Rifle Scope Product Details
UELEGANS Outdoor Hunting red dot Reflex Sight red dot Sight Scope Fit Picatinny Rail Waterproof Fogproof Shockproof
Magnification: 1 x
Illumination Type: LED
Illumination Color: Red
Adjustment Type: MOA
Lens Material: Glass
Battery Type: CR 2032 X 2
Weather Resistance: Fog Resistant, Shock Resistant
Water Resistance Level: Waterproof
Gun Model: ALL AR TYPE WITH PICATINNY RAIL
Package Type: Box
Fit: Picatanny Rail
Package Weight: 380g(13.4oz)
Package Size(L x W x H): 127 x 94 x 65mm / 5 x 3.7 x 2.5 inches
5 Daylight Settings, 2 Night Vision Settings
Illumination Controls are 3 buttons on the left side.
The center is the Selection button.
Hold this down for 3 seconds to activate the red dot.
Once visible, the other two buttons adjust the illumination levels.
Two night vision settings and 5 daylight.
Rifle Scope Product Features
7 levels of illumination: 2 night vision, 5 daylight
Parallax free :Waterproof / fogproof / shockproof
The reflex red dot sight was designed and engineered for use on patrol rifles and AR platforms.
The reduces the “tunnel vision” of hard-focus iron sights for quicker target acquisition, enhanced accuracy and greater situational awareness.
Lightweight and compact, it is easy to mount, simple to use, invaluable in the field.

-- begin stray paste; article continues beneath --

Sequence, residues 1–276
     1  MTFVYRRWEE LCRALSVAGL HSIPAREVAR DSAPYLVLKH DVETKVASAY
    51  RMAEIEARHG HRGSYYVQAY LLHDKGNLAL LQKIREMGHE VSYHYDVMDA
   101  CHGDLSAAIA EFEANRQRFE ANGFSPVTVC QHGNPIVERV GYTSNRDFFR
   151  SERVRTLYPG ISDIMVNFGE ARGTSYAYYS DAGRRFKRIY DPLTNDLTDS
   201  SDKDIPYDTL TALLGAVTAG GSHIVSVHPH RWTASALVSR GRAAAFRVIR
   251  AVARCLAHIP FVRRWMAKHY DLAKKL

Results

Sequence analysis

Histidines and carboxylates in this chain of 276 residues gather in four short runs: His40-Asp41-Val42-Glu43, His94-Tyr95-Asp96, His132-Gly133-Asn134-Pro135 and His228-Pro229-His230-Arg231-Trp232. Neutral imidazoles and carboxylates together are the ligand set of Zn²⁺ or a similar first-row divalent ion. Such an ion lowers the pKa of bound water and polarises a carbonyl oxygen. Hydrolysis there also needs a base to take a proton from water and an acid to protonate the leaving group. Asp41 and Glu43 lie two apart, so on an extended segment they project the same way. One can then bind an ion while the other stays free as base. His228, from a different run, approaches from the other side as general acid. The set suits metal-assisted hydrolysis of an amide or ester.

About the UELEGANS Scope Maker
UELEGANS is a premium maker for rifle scopes, optics, mounts, and other accessories used for firearms like rifles and long guns. They style and make their products by making the most of elements which are long lasting and durable. This includes the UELEGANS Outdoor Hunting red dot Reflex Sight red dot Sight Scope Fit Picatinny Rail Waterproof Fogproof Shockproof by UELEGANS. For additional shooting products, visit their website.
Info Rifle Scopes
Rifle scopes permit you to exactly aim a rifle at different targets by aligning your eye with the target over a range. They accomplish this through magnification by using a set of lenses inside the scope. The scope’s positioning can be adapted for the consideration of different environmental aspects like wind speed and elevation to make up for bullet drop.
The scope’s purpose is to understand exactly where the bullet will hit based on the sight picture you are seeing with the scope as you align the scope’s crosshair or reticle with the intended point of impact. Most modern-day rifle scopes and optics have around 11 parts which are located inside and on the exterior of the scope body. These optic pieces consist of the rifle scope’s body, lenses, windage turrets, objective focus rings, and other parts. Learn about the eleven parts of glass.
The Styles of Rifle Scopes
Rifle scopes can be either “first focal plane” or “second focal plane” style of scopes. The style of focal plane an optic has identifies where the reticle or crosshair lies in relation to the optic’s magnification. It simply suggests the reticle is located behind or before the magnifying lens of the optic. Picking the best style of rifle optic depends on what kind of shooting you intend on undertaking.
Info About First Focal Plane Glass
First focal plane optics (FFP) come with the reticle in front of the magnifying lens. This causes the reticle to increase in size based on the level of zoom being used. The result is that the reticle measurements are the same at the magnified distance as they are at the non magnified range. For instance, one tick on a mil-dot reticle at one hundred yards without having “zoom” is still the very same tick at one hundred yards with 5x “zoom”. These types of scopes work for:
- Quick acquisition, far away kinds of shooting
- Shooting scenarios where estimations are low